China’s market crash puts pressure on Xi to lend support

(Bloomberg) — Chinese officials are under pressure to back up their reassuring rhetoric about the economy with more substantial action.

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Stocks in China are heading for their third consecutive week of losses, the yuan is trading near an eight-month low and angst in the domestic credit market is mounting. While Premier Li Qiang pledged on Thursday to “waste no time” in delivering targeted stimulus, he offered none of the details investors were asking for.

In a meeting with economists, Li said the government would introduce a set of “targeted, comprehensive and well-coordinated” measures to stabilize growth and employment and prevent risks “in a timely manner”. A reading of the event was published by the official Xinhua news agency.

Expectations that the government will announce economic support have been building in recent weeks as the recovery falters. The housing market is weak, youth employment is at record highs, and household and business confidence remains sluggish.

The central bank cut a key interest rate last month for the first time in nearly a year, signaling a shift to looser monetary policy going forward. But the rate was only cut by 10 basis points and additional measures were marginal, such as moves to extend tax incentives for people to buy electric cars. Economists have warned that any stimulus is likely to be limited in scope given China’s heavy debt burden.

“Policies are still being worked out, but big stimulus is unlikely,” said Bruce Pang, chief economist at Jones Lang Lasalle Inc. He added that the government needs to find a balance between stabilizing growth in the short term and avoiding long-term structural risks.

During the meeting with economists, Li said the country was “at a critical period of economic recovery and industrial upgrading”. The remarks suggest authorities want to stay the course charted at an economic meeting among top leaders in April, Pang said.

Stocks in China and Hong Kong fell on Friday amid broad-based weakness in Asia, which was also fueled by strong U.S. jobs data that underscored expectations of continued policy tightening. monetary policy by the Federal Reserve.

A gauge of Chinese stocks listed in the financial hub lost 1.6% at 11:22 a.m. local time, bringing the decline so far this year to 7.6%. The onshore CSI 300 index was down 0.6%, with a year-to-date decline of 1.3%. The offshore yuan was little changed at 7.2548 to the dollar, set for the first weekly gains in three.

Still, not all traders are convinced that authorities in Beijing will come under pressure from the falling market.

A trader, who asked not to be identified because he is not authorized to speak publicly, said Chinese policymakers seem to perceive markets will respond favorably to stimulus rhetoric even if it doesn’t. there is no follow-up with concrete actions.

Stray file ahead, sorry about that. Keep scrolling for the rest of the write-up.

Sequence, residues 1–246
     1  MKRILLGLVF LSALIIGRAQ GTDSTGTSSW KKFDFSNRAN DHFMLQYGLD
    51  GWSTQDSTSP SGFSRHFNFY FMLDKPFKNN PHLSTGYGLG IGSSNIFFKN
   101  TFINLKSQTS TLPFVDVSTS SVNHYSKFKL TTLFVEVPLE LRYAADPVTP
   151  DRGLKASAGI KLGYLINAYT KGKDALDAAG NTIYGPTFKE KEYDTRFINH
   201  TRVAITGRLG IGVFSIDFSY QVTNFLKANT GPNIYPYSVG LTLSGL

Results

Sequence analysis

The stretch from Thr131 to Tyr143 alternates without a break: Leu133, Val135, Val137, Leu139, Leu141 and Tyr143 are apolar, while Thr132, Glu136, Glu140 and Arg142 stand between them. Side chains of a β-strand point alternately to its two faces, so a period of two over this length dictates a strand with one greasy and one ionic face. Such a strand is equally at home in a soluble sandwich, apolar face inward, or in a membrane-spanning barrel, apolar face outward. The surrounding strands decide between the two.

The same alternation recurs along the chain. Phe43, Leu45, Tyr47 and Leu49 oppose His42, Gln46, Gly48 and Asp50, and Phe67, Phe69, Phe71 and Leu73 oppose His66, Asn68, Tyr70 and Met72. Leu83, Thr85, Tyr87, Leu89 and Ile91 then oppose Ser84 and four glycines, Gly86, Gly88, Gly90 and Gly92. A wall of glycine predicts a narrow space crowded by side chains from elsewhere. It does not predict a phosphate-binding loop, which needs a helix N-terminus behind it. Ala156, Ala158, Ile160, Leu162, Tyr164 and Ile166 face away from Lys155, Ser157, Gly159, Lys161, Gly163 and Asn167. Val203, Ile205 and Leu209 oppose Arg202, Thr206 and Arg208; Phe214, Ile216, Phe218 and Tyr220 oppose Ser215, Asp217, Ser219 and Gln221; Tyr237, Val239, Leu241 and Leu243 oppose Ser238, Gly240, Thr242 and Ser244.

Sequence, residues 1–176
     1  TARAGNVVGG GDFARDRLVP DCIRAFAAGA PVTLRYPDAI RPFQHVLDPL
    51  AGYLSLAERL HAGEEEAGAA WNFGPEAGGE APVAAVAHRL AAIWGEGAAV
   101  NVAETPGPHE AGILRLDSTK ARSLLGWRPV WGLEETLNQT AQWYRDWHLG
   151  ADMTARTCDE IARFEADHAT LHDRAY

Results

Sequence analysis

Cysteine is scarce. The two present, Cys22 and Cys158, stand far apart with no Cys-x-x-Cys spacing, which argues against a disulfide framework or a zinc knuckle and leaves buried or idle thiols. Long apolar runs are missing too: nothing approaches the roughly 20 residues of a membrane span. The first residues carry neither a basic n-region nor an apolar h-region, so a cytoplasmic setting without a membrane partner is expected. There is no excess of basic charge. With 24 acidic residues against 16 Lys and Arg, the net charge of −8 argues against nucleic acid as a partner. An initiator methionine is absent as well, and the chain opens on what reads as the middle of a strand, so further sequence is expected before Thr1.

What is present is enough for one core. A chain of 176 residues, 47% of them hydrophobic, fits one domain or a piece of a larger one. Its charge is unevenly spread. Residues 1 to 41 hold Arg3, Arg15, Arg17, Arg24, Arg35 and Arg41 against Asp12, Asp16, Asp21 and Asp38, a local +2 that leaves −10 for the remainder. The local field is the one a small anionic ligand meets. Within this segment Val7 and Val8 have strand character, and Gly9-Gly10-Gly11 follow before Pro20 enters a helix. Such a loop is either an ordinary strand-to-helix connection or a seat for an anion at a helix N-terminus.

Despite growing calls for stimulus, Premier Li on Thursday signaled his intention to bolster confidence in long-term economic fundamentals, urging officials to “maintain the strategic focus”, according to the Xinhua reading.

He also underscored a formal commitment to address the pain felt by private and foreign companies, which have seen their profits plummet and their market access shrink in recent years amid regulatory repression and rising US-China tensions. A “regular communication mechanism” will be created with the sector, he said. Earlier in the week, the head of the country’s main economic planning agency met with representatives of five private companies to discuss business terms.

Despite the government’s efforts this year to attract more foreign companies, foreign companies have become more reluctant to invest in China, with new investment actually used falling nearly 6% in the first five months of the year. year compared to the same period last year. President Xi Jinping’s comments on Friday that the government must continually come up with new measures to attract foreign investment may indicate authorities are growing increasingly concerned about the decline.

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Several of the economists who attended the meeting with Li are known for their research on fiscal policy and local government debt, while others have focused on financial markets, industrial economics and urbanization.

One of the participants was Zhao Wei, chief economist at Sinolink Securities Co. He wrote in a research report on Tuesday that the Chinese economy is entering a “post-ownership era” where growth is less and less dependent on the sector. real estate. Authorities should prevent secondary risks to banks and local governments in the short term and promote new industries, including equipment manufacturing and producer services, Zhao wrote.

The Politburo, made up of 24 Communist Party members, will have a chance to discuss the stimulus later this month, when it is scheduled to meet for a key economic meeting. The body’s July meeting is usually where it charts economic policy for the rest of the year.

–With help from Zhu Lin, Ishika Mookerjee, Wenjin Lv, Yujing Liu, Rebecca Choong Wilkins, Stanley James and James Mayger.

(Updated with President Xi’s comments on foreign investment.)

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